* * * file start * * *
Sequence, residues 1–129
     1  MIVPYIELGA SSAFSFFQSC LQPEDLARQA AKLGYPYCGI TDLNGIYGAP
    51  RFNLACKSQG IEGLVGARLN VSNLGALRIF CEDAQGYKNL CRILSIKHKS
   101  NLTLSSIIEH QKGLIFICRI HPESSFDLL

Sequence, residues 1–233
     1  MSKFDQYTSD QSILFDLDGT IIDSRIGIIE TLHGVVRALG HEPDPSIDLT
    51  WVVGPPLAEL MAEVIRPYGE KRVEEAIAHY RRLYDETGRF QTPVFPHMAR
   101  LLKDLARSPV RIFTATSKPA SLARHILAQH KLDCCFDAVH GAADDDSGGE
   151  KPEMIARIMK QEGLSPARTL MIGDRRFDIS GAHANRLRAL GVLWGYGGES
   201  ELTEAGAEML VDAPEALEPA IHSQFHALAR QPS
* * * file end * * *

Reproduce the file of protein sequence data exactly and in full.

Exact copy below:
Sequence, residues 1–129
     1  MIVPYIELGA SSAFSFFQSC LQPEDLARQA AKLGYPYCGI TDLNGIYGAP
    51  RFNLACKSQG IEGLVGARLN VSNLGALRIF CEDAQGYKNL CRILSIKHKS
   101  NLTLSSIIEH QKGLIFICRI HPESSFDLL

Sequence, residues 1–233
     1  MSKFDQYTSD QSILFDLDGT IIDSRIGIIE TLHGVVRALG HEPDPSIDLT
    51  WVVGPPLAEL MAEVIRPYGE KRVEEAIAHY RRLYDETGRF QTPVFPHMAR
   101  LLKDLARSPV RIFTATSKPA SLARHILAQH KLDCCFDAVH GAADDDSGGE
   151  KPEMIARIMK QEGLSPARTL MIGDRRFDIS GAHANRLRAL GVLWGYGGES
   201  ELTEAGAEML VDAPEALEPA IHSQFHALAR QPS